Choosing the right window coverings can lower your power bills

Choosing the right window coverings can lower your power bills

Wonder no more as there has actually been research conducted to determine this very thing.

Before we look at the research, did you know that you lose more heat through your windows than from any other place in your house? In fact, as much as 30% of the heat in your home is wasted through uncovered windows.

Would you willingly toss 30% of your energy dollars out the window? Not likely. On the other hand, that’s how much of a typical home’s heating and cooling is lost through its windows and doors.

So how do you prevent heat from flying out the window and lower your heating costs at the same time?

Research into different window coverings by Dr Paul Baker at Glasgow Caledonian University’s Centre for Research on Indoor Climate and Health has produced encouraging results for home owners who not only want to reduce their power bills but also preserve the beauty of their window treatments.

Choosing the right window coverings can lower your power bills

The highest standard has always been considered to be double-glazed windows. Double-glazing is not something we hear much of in Australia, but it’s generally considered a far better option to the single glazed window that we’re all familiar with, as the heat lost through a single glazed window is about twice that through a double glazed window.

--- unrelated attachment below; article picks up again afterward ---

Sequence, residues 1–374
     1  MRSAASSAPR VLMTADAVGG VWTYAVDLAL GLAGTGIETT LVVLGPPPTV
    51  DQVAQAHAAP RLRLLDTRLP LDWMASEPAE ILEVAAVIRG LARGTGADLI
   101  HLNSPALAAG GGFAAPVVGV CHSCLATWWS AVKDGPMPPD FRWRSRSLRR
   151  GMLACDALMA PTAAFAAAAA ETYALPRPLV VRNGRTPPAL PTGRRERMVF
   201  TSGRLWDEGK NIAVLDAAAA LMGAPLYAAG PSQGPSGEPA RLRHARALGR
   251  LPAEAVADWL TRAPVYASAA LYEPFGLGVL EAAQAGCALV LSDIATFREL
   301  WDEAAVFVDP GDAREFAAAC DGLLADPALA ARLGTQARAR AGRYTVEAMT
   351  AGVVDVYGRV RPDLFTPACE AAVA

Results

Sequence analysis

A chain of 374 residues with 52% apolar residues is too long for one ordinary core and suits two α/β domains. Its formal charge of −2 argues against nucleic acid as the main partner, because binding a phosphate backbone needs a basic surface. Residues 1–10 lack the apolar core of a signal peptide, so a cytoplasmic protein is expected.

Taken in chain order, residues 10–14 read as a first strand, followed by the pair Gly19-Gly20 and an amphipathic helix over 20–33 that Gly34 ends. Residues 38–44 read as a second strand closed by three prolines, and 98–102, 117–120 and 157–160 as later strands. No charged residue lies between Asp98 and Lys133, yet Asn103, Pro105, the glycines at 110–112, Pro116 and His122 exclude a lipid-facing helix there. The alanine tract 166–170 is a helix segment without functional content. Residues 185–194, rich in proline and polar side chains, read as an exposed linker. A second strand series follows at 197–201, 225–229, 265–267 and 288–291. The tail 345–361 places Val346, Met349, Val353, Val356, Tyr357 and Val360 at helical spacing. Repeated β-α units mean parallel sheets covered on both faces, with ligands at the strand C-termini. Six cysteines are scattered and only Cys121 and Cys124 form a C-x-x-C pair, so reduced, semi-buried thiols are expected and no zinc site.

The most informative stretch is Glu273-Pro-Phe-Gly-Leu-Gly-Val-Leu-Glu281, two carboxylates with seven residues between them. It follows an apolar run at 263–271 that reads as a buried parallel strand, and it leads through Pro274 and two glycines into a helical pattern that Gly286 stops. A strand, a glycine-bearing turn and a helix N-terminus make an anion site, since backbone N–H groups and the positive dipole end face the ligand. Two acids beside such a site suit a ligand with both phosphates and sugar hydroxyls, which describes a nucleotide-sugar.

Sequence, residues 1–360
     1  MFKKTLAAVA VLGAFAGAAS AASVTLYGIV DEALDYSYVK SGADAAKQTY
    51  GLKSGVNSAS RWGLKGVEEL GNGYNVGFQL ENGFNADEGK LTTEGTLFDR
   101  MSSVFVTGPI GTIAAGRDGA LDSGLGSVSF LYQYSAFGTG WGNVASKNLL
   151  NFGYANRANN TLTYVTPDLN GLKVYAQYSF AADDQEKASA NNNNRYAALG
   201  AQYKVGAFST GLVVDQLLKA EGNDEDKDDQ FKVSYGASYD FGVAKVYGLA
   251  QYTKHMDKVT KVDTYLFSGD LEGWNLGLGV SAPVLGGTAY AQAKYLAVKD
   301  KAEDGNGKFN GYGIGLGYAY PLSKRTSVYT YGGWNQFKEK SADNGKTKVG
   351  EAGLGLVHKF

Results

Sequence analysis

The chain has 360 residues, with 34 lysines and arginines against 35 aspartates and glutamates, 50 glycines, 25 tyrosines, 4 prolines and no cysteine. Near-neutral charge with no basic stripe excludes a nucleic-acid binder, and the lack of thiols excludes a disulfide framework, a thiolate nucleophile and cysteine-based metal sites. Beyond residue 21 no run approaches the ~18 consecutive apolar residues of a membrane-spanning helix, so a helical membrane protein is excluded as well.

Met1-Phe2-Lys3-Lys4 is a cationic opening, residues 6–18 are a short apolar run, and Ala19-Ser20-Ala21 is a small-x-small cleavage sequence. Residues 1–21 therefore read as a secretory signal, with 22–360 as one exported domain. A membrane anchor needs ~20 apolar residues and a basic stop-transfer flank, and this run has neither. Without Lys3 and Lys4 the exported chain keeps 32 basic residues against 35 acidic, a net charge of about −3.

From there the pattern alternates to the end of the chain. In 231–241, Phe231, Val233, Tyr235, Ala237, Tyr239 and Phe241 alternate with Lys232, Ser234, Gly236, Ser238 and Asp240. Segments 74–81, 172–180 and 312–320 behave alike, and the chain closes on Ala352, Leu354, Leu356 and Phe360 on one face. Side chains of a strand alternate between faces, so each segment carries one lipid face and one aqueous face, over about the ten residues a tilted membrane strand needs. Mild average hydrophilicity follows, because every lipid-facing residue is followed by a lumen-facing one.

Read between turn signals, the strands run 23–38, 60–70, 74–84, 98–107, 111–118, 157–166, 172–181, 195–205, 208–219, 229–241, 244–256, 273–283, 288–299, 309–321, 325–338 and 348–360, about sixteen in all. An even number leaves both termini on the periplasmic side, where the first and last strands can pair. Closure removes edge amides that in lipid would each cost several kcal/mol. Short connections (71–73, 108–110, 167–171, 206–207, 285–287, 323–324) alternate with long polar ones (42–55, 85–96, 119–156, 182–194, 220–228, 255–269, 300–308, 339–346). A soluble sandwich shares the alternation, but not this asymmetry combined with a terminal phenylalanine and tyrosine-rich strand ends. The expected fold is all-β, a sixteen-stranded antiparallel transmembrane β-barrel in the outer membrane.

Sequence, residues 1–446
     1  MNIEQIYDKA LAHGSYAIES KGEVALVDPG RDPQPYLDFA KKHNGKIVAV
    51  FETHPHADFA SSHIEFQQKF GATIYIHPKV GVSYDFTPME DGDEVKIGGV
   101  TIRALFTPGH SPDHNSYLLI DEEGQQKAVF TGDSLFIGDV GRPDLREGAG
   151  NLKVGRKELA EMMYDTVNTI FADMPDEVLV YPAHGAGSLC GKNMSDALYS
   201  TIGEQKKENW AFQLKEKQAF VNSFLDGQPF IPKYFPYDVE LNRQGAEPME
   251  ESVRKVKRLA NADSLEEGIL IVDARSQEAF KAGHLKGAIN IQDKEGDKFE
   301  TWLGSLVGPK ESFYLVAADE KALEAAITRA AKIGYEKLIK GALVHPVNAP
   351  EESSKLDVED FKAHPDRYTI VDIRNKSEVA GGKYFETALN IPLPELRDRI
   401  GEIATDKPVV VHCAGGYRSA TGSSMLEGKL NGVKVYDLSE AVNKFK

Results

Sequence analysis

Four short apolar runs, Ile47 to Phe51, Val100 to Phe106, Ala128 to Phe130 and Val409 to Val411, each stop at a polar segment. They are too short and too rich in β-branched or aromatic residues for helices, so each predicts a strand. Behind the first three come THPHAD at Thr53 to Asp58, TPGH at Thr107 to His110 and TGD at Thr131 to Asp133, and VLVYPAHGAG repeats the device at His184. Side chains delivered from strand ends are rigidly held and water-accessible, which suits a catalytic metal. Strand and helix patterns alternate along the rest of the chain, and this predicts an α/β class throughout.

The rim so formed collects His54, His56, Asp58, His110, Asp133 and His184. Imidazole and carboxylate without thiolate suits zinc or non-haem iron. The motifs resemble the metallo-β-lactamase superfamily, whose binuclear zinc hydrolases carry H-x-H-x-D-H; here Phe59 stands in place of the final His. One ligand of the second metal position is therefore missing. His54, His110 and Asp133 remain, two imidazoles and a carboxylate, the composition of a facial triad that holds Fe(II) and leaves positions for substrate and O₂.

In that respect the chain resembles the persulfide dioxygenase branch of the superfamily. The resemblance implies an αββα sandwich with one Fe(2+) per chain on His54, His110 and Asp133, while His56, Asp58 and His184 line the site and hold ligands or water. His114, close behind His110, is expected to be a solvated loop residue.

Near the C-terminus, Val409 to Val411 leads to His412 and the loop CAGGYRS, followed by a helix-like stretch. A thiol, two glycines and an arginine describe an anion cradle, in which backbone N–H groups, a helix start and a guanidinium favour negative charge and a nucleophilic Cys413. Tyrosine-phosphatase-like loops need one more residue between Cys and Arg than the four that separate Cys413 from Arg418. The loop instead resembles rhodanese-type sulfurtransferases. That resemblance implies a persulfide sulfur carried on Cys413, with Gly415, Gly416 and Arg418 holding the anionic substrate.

The research shows that while installing double-glazing reduces heat loss by 55 per cent, some window coverings did extremely well also.

For instance heavy curtains reduce heat loss by 14%, which is not so good. But internal wooden shutters performed nearly as well as double glazing, reducing heat loss by up to a staggering 51 per cent!

So while our customers primarily buy our shutters for their good looks, they are pleasantly surprised that as a side effect they can also reduce their power bills.

South-facing windows present additional heat loss problems in winter as the lack of direct sun prevents the window surface from warming up.